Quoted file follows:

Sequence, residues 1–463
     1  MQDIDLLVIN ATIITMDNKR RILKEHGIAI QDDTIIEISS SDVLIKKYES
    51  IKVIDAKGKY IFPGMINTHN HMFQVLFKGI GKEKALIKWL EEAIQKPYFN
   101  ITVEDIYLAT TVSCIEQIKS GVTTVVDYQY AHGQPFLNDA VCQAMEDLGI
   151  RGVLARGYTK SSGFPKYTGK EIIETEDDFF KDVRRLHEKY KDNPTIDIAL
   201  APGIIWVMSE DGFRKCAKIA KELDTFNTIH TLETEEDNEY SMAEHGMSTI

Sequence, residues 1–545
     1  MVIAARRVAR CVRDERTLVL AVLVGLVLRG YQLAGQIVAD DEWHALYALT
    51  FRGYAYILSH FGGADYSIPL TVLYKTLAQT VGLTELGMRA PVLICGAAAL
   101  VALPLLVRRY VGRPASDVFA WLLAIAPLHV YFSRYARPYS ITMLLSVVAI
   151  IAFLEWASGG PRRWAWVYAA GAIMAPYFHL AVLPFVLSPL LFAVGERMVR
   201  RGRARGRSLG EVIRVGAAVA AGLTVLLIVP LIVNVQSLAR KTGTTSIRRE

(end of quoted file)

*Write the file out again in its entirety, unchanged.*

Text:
Sequence, residues 1–463
     1  MQDIDLLVIN ATIITMDNKR RILKEHGIAI QDDTIIEISS SDVLIKKYES
    51  IKVIDAKGKY IFPGMINTHN HMFQVLFKGI GKEKALIKWL EEAIQKPYFN
   101  ITVEDIYLAT TVSCIEQIKS GVTTVVDYQY AHGQPFLNDA VCQAMEDLGI
   151  RGVLARGYTK SSGFPKYTGK EIIETEDDFF KDVRRLHEKY KDNPTIDIAL
   201  APGIIWVMSE DGFRKCAKIA KELDTFNTIH TLETEEDNEY SMAEHGMSTI

Sequence, residues 1–545
     1  MVIAARRVAR CVRDERTLVL AVLVGLVLRG YQLAGQIVAD DEWHALYALT
    51  FRGYAYILSH FGGADYSIPL TVLYKTLAQT VGLTELGMRA PVLICGAAAL
   101  VALPLLVRRY VGRPASDVFA WLLAIAPLHV YFSRYARPYS ITMLLSVVAI
   151  IAFLEWASGG PRRWAWVYAA GAIMAPYFHL AVLPFVLSPL LFAVGERMVR
   201  RGRARGRSLG EVIRVGAAVA AGLTVLLIVP LIVNVQSLAR KTGTTSIRRE